Clearly, Suzuki is trying to distance itself from the stigma of the stripper. The thing is, I actually like strippers. Everyone should own a stripper at some point, because driving a car with zero frills makes you appreciate the little things. For instance, a friend of mine used to own a stripper Jeep Cherokee, a penurious form of transportation indeed. One day I was riding shotgun and flipped down the sun visor to discover a strange, rectangular bulge in the vinyl. “What’s that?” I asked, wondering if I’d happened upon an ill-hidden drug stash of some sort. “That’s the vanity mirror,” he replied. “It’s an option. All the cars have a mirror inside the visor, but if you don’t order it, they don’t cut away the material to reveal it.”

My parents favored cars that didn’t throw their stripper status in your face quite so blatantly. In fact, both our 1987 Dodge Ram D150 and our ’89 Subaru DL wagon attempted to convince you that they had some expensive features, both by way of giant red buttons in the interior. The Big Dodge Ram’s button was the size of a Monopoly board and was surrounded by several square yards of black plastic that helped draw the eye to the backlit control at its center. “It looks like a button that would destroy the vehicle. Or launch a nuclear attack,” one of my father’s friends once remarked admiringly. In fact, it activated the cargo light.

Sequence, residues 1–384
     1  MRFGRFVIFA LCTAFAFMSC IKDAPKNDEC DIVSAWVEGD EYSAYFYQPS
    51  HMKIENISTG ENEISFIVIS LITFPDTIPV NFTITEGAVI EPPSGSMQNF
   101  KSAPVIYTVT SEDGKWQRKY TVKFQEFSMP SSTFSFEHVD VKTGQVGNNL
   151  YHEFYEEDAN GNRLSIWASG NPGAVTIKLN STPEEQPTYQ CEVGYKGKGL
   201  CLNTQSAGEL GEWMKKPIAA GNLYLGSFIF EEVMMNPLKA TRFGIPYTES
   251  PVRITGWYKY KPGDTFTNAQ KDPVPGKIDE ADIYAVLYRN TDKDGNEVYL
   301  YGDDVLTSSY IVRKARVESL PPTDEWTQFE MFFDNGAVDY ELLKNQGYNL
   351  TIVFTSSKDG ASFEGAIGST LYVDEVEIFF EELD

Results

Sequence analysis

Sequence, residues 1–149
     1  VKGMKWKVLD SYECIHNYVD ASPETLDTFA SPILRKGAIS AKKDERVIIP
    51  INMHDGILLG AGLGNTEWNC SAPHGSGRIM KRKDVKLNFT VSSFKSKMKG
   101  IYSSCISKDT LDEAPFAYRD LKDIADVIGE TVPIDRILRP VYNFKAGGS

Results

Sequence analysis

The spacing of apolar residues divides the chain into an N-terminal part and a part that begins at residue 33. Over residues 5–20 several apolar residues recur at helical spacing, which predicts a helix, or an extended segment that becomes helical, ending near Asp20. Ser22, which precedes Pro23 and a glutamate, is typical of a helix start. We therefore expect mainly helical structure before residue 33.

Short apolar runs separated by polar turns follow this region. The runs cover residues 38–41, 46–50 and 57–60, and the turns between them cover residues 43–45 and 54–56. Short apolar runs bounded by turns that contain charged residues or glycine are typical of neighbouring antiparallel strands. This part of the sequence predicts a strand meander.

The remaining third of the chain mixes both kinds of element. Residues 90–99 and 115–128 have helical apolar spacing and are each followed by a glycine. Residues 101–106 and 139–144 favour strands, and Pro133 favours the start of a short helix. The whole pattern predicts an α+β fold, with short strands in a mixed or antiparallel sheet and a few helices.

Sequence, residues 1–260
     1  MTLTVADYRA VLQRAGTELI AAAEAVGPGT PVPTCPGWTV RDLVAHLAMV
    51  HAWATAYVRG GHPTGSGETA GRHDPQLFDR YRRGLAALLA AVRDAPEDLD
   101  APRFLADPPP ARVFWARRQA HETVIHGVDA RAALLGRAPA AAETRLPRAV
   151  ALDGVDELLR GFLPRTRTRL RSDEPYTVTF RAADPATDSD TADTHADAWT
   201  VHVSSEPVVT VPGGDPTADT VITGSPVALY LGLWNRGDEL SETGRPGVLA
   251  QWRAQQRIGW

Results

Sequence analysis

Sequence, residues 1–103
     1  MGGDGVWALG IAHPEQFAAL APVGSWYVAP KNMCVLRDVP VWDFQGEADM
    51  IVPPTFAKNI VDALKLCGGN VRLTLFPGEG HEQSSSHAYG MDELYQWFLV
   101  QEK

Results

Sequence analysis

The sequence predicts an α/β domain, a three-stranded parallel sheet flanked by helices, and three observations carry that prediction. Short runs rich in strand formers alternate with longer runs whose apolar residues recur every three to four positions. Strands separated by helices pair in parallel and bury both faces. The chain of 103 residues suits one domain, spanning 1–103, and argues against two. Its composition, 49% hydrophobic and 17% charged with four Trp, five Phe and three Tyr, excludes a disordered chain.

The Subaru’s giant red button, mounted atop the shifter, was somewhat more functional, since it engaged the part-time four-wheel-drive system. The drawback was that front-seat passengers, particularly those under the age of ten, could seldom resist pushing it, which meant that forays onto the interstate were always preceded with stern warnings about the permanence of one’s grounding should severe transfer-case damage be incurred at 70 mph.

Thanks to cars like the Subaru and the BDR, some part of me retains an appreciation for features like a passenger-side exterior mirror (absent on the Subaru) or a sound system with more power than an audio greeting card (the BDR came with a single speaker of a size normally found in hearing aids). But the Scion/ Suzuki troika got me wondering: is there still such a thing as a stripper, in the manner I’d recognize?